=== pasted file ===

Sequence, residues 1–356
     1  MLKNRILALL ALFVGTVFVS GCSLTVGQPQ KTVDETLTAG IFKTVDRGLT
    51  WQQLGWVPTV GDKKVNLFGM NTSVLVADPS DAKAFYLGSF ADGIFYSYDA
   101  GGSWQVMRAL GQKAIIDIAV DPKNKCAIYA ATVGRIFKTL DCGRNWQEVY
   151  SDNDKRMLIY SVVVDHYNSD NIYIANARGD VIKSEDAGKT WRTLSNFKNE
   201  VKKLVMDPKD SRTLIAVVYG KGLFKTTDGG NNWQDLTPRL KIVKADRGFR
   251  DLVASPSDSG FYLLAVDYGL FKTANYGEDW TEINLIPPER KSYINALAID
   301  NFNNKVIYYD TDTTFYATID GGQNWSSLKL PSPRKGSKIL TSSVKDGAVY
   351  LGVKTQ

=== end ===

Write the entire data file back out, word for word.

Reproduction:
Sequence, residues 1–356
     1  MLKNRILALL ALFVGTVFVS GCSLTVGQPQ KTVDETLTAG IFKTVDRGLT
    51  WQQLGWVPTV GDKKVNLFGM NTSVLVADPS DAKAFYLGSF ADGIFYSYDA
   101  GGSWQVMRAL GQKAIIDIAV DPKNKCAIYA ATVGRIFKTL DCGRNWQEVY
   151  SDNDKRMLIY SVVVDHYNSD NIYIANARGD VIKSEDAGKT WRTLSNFKNE
   201  VKKLVMDPKD SRTLIAVVYG KGLFKTTDGG NNWQDLTPRL KIVKADRGFR
   251  DLVASPSDSG FYLLAVDYGL FKTANYGEDW TEINLIPPER KSYINALAID
   301  NFNNKVIYYD TDTTFYATID GGQNWSSLKL PSPRKGSKIL TSSVKDGAVY
   351  LGVKTQ